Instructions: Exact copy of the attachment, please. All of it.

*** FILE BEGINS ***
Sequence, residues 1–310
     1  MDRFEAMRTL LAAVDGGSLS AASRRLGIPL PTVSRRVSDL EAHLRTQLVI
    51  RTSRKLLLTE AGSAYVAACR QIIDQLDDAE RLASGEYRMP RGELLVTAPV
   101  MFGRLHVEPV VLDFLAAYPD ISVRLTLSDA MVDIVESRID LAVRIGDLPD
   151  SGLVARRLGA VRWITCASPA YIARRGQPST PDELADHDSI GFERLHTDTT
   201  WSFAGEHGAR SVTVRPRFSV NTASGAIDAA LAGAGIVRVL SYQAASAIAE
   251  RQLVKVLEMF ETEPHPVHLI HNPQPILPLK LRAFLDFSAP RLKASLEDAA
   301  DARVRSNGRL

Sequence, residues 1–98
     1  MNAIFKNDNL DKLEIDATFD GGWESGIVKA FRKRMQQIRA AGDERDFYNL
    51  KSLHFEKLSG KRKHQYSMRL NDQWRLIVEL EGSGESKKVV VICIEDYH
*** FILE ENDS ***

Sequence, residues 1–310
     1  MDRFEAMRTL LAAVDGGSLS AASRRLGIPL PTVSRRVSDL EAHLRTQLVI
    51  RTSRKLLLTE AGSAYVAACR QIIDQLDDAE RLASGEYRMP RGELLVTAPV
   101  MFGRLHVEPV VLDFLAAYPD ISVRLTLSDA MVDIVESRID LAVRIGDLPD
   151  SGLVARRLGA VRWITCASPA YIARRGQPST PDELADHDSI GFERLHTDTT
   201  WSFAGEHGAR SVTVRPRFSV NTASGAIDAA LAGAGIVRVL SYQAASAIAE
   251  RQLVKVLEMF ETEPHPVHLI HNPQPILPLK LRAFLDFSAP RLKASLEDAA
   301  DARVRSNGRL

Sequence, residues 1–98
     1  MNAIFKNDNL DKLEIDATFD GGWESGIVKA FRKRMQQIRA AGDERDFYNL
    51  KSLHFEKLSG KRKHQYSMRL NDQWRLIVEL EGSGESKKVV VICIEDYH